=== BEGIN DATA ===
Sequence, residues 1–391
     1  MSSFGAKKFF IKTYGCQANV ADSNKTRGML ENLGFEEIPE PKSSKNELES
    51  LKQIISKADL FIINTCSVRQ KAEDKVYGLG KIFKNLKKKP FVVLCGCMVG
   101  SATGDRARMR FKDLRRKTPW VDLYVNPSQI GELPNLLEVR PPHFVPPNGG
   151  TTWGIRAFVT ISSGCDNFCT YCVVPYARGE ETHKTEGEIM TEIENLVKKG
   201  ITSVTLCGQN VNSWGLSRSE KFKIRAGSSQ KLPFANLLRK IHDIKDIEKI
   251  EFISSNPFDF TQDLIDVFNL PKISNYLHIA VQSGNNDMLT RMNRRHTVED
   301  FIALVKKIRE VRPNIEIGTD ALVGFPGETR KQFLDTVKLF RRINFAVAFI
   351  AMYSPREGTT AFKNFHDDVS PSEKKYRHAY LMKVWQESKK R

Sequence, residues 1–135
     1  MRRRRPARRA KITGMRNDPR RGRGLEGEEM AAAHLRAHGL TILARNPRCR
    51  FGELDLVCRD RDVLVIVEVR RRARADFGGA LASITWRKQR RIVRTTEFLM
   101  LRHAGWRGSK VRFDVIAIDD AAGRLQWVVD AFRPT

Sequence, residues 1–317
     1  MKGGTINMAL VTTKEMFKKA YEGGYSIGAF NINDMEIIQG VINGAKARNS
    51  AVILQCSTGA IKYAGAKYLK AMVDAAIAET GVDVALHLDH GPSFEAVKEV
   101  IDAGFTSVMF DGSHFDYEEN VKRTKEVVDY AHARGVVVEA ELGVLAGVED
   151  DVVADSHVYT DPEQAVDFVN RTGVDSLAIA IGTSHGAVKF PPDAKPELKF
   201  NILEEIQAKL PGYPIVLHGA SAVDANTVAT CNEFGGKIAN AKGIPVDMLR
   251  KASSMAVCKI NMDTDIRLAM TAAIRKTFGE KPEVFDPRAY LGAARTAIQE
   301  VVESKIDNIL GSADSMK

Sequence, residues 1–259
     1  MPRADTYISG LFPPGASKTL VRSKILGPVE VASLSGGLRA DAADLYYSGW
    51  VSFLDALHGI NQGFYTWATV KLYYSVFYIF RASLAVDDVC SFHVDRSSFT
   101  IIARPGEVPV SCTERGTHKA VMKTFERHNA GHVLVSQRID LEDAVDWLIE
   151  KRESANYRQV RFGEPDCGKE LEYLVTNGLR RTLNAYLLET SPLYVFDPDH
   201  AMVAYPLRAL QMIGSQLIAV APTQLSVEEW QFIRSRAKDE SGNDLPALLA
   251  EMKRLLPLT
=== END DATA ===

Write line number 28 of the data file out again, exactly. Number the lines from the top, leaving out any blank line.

   251  EMKRLLPLT